The federal government can do something to help Ontario’s $900-million mushroom sector — that is, extend or change the temporary foreign worker program. Such a change might help other agri-food sectors too and give new skilled Canadians a productive place in our society. The agri-food sector’s struggle with labour is widely known. Canadians like to… Read More

One nozzle type rarely does all jobs well, and it’s tempting to find one or two general purpose nozzles and switch them out between jobs. Hypro has a better idea, and is rolling out its Duo React nozzle body that allows farmers to choose — automatically — up to three configurations from one nozzle body…. Read More

Winners have been announced in the Farm & Food Care Foundation’s inaugural Farm Photo Contest. The contest which ran from early May until the end of June gave photographers the chance to enter their farm photography in six categories – All About Animals, Canadian Farm Scenes, Crazy About Crops, Farm Faces, Farm Fun and Farm… Read More

With flash flooding and saturated soils affecting much of the prairie provinces this year, it’s no wonder producers are finding pea crops with serious symptom development. Unfortunately, distinguishing nutrient deficiencies, nodulation issues (read more: Nodulation No-Show? Tips for a Rescue N App) and disease presence from other stress-inducing factors can be incredibly difficult. A few key signs peas may be… Read More

When warm air is cooled, it loses some of its moisture-holding capabilities.  This change often occurs at night, when plants (and other objects) cool. Once the temperature of the surface of the leaves, for example, drops below the dewpoint, it causes water to condense, forming the shiny dew that causes so many to question early morning spray applications. Related: Spray Tips with… Read More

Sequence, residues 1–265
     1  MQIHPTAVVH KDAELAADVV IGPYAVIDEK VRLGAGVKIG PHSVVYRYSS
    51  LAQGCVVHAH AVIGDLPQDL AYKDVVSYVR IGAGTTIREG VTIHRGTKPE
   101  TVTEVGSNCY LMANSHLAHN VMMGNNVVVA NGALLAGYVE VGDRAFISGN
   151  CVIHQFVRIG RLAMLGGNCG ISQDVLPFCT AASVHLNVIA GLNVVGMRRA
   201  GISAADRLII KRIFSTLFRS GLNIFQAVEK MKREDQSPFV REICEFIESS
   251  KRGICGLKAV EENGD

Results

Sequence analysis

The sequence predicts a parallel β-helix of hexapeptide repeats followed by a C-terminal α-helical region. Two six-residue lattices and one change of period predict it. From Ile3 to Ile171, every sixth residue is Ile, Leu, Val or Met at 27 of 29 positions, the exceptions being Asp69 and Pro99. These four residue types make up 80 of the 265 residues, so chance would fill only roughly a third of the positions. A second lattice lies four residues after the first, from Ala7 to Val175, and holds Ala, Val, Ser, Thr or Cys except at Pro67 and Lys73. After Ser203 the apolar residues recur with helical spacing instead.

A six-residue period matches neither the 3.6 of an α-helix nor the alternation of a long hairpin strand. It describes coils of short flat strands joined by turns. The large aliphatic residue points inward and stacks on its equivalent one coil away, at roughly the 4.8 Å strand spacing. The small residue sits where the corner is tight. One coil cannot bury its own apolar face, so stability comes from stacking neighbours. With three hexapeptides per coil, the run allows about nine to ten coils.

[dropcap]T[/dropcap]he persistent buzz and tickle of tiny feet on my face early this morning as the sun rose reminded me that fly season has reached our part of the country once again. Hopefully, most of you will have started your fly management activities months ago, but for those a little slow off the bat, or… Read More

Cereal leaf beetle was first discovered in Alberta in 2005, with Saskatchewan and Manitoba finding populations shortly thereafter. As its name suggests, the insect prefers to feed on cereals, though it may extend its host range to grasses, even occasionally feeding on corn. Both adults and larvae feed on the leaves in strips between veins, causing a… Read More

Since being found in Ontario in 2000, swede midge has had a rather hasty spread, with adults being found as early as 2007 in some areas in Saskatchewan. Until the past couple of years, however, western Canadian farmers reported finding few symptoms of swede midge damage, which can include anything from fused flower petals to… Read More

The evolution of farm machinery has occurred incredibly fast, with the first engine-powered tractors showing up in the mid 1800s. Driven by steam engines, these tractors were loud and, compared to today’s standards, far from comfortable. In the late 19th century, the first gasoline-powered tractor was built, no doubt impressing the farming community. Today, machinery… Read More

Favourable weather continues to hover like a dark cloud over the grain markets as they continue to trek lower, just as meat prices are going the opposite direction. While most prices are relatively unchanged week-over-week, soybean prices did find a bit of a bounce on very strong U.S. export sales (as they say, the cure… Read More

We all have them or have seen them —  the areas where crop productivity falls near null, and foxtail barley encroachment begins. Areas affected by high salinity are often referred to as alkali sloughs, and are considered for remediation. Years of no- or minimum-till farming across the prairies has certainly helped the situation, says Kelly Farden,… Read More